7. PAGINATE YOUR PAGES BEFOREHAND. I like to use this template for paginating 24-page minicomics. It means that other people can't really read your book while you're doing it because when they've had no sleep, there's no way they're figuring out a pagination guide. But it saves you a lot of cutting, pasting, white-taping, and whatnot when you get the thing printed. I always make a mini-comic of my 24-Hour comics, and not having to worry about how to arrange the pages makes me much more relaxed.
8. DO NOT GIVE UP. C'mon, would you rather be exhausted and miserable and finish a 24-page comic or exhausted and miserable and not?
9. BRING A LUNCH. There's always a snack table at our event, but at about lunchtime, people are always having to go to the bar next door and burn valuable time ordering a Reuben sandwich. Just make a sandwich and put it in your fridge the night before. And for God's sake, don't just pig out on the chips. You've got to stay alert and smart for 24 straight hours; Pringles won't do.
10. GET SOME SUN. Just go outside and let the sun wake you up a bit. You won't be that tired when it's still daylight, but it still gives you a little boost to have some real, full-spectrum light getting into your eyes.
11. SHAKE OUT YOUR HANDS A LOT. Give those guys a break. They're working hard. A five-minute break will make them a lot happier than they were.
12. BALANCE FUN AND WORK. If you're too serious, 24-Hour Comic Day can be a real grind. Chat up your fellow cartoonists. Make fun of the panel you just drew. Discuss the music choices that were made at your location. But also remember this: if you're not working, stay out of the way of people who are. 24-Hour Comic Day is a pretty quiet affair, with a few people taking a valuable minute or two to say something to someone, but it's mostly nose-to-the-grindstone, drawing-as-hard-as-you-can work. If you gave up two hours ago and went to the bar to get loaded, don't come back and laugh it up with your buddies, dammit; people are trying to draw here.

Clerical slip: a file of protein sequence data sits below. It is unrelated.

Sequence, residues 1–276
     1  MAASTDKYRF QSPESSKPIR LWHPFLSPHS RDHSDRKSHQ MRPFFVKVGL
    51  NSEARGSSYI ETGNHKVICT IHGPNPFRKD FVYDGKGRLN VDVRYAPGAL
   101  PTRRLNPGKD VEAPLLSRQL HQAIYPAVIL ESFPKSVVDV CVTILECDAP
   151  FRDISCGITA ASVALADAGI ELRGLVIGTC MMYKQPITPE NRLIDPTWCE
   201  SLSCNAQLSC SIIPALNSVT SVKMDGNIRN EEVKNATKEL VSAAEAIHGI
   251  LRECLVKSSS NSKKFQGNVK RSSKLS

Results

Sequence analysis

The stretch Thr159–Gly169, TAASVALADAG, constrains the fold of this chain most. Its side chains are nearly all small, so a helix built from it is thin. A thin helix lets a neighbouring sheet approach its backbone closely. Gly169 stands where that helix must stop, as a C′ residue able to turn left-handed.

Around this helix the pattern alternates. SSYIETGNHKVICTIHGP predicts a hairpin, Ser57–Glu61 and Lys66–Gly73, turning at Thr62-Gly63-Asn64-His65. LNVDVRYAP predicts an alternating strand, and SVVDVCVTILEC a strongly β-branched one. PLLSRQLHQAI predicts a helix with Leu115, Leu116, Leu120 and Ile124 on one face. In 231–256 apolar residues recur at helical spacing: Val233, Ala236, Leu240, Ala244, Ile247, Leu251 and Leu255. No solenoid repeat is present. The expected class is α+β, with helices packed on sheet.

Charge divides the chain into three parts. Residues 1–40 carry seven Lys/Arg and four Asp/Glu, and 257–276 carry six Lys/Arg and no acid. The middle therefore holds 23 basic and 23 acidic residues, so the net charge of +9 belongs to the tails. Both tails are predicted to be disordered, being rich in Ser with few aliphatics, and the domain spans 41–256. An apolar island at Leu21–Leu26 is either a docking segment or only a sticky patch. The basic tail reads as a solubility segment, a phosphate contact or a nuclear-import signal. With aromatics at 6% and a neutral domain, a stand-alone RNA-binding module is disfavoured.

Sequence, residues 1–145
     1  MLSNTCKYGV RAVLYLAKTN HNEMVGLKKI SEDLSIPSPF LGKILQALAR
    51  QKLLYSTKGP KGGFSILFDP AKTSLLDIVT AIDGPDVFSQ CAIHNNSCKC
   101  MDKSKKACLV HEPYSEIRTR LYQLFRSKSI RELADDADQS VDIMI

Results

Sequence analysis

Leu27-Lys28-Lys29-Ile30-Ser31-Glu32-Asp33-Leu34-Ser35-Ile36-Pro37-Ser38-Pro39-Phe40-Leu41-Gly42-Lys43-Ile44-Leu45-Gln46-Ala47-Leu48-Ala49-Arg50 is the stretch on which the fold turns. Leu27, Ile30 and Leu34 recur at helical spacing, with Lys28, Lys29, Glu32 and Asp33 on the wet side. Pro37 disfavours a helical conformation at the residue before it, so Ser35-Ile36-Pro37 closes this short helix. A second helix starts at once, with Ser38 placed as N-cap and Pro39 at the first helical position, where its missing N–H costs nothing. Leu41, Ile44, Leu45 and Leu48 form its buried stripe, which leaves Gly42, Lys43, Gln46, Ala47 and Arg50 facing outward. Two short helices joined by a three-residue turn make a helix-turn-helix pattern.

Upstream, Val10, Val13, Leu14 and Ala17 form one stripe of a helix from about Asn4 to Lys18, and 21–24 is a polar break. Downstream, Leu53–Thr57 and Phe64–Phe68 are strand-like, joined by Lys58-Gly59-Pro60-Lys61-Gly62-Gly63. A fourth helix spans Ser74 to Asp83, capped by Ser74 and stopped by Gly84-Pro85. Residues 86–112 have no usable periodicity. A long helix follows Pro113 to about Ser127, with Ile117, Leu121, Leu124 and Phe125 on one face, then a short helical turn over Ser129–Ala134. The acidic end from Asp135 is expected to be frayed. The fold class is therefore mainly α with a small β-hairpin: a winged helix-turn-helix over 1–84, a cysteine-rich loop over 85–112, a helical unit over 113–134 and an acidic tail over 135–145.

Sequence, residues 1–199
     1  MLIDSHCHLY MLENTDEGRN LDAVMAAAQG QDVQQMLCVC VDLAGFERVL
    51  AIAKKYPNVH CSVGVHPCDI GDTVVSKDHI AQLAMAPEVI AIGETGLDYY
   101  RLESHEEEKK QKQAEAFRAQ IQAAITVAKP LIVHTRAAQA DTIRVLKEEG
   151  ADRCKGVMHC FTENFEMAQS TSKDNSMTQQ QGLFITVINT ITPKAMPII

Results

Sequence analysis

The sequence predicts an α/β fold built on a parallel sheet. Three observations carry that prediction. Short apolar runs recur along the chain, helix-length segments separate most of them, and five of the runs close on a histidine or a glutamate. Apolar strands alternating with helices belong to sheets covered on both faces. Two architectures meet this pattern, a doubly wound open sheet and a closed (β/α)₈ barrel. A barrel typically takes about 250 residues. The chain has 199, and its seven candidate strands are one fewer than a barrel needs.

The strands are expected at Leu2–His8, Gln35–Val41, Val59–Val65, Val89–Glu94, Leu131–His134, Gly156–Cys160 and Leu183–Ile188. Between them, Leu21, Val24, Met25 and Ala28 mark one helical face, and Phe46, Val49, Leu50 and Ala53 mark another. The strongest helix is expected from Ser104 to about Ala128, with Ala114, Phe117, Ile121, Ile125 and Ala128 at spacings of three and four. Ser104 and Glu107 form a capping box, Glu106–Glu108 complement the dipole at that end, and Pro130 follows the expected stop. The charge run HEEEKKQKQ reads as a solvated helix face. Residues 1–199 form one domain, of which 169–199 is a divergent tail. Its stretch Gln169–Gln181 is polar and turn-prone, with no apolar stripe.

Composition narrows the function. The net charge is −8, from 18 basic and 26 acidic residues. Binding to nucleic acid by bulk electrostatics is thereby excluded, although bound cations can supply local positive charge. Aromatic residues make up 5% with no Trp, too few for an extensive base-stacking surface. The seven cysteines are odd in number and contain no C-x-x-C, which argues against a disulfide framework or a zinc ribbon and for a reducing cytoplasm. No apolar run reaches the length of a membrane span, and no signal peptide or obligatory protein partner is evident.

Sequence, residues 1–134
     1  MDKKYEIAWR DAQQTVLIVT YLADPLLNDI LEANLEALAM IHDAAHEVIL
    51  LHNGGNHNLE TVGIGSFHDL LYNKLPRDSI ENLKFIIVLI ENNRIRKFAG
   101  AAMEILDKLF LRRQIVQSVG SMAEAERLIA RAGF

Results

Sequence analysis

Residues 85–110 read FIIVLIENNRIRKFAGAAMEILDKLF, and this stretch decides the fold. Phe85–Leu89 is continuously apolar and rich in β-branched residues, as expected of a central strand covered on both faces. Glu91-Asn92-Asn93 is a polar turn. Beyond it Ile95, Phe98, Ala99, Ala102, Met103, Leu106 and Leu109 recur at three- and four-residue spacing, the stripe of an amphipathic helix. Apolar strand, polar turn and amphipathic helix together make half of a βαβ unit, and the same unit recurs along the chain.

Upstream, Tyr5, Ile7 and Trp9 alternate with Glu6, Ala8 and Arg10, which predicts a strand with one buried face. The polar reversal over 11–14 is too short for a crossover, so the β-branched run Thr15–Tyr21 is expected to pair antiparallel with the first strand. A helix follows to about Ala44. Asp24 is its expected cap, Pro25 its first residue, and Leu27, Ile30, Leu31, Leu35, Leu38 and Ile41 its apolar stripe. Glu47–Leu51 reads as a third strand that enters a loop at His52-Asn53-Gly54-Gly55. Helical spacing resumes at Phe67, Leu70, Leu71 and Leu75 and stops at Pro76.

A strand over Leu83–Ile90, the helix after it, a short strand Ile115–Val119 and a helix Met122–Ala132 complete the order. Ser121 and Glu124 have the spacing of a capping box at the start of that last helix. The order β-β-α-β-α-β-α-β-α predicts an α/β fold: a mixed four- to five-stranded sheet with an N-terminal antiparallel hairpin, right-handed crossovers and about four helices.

Have a good time-- and put your comic online, would ya? They're fun to read.
UPDATE: Number 13. Rereading Kevin's post from last year, I wanted to second his point about not pencilling the whole book, then inking it. One, it sets you up to do a lot of hand-crampingly hard work right at the end of the night. Two, it's hard (especially when sleep-deprived) to truly determine how much pencilling you need to do in order to ink it well. Three, as Kevin mentioned, it makes it far more complicated to gauge your time-usage. It's far easier, and more useful, to finish a page an hour. Now, while I keep to this schedule for the most part (probably 75%), my work process is a slow movement from small increments to large. In the first hours, I do whole pages, written, pencilled, and inked, before I move on to the next page, even to write it. That break in time (to letter and ink) gives me some time to reflect on what I want to happen next, and it also keeps me from rewriting. When it's done, it's done. I have to move on. As I get more familiar with the story later on, and the plot points are rapidly converging on the end, I will frequently start pencilling three pages at a time before I go back to inking. Since the story is kind of writing itself at this point, it's good to get a lot of writing done at once, and from a practical standpoint, I have few enough pages left that this deviation from the schedule is not as terrifying.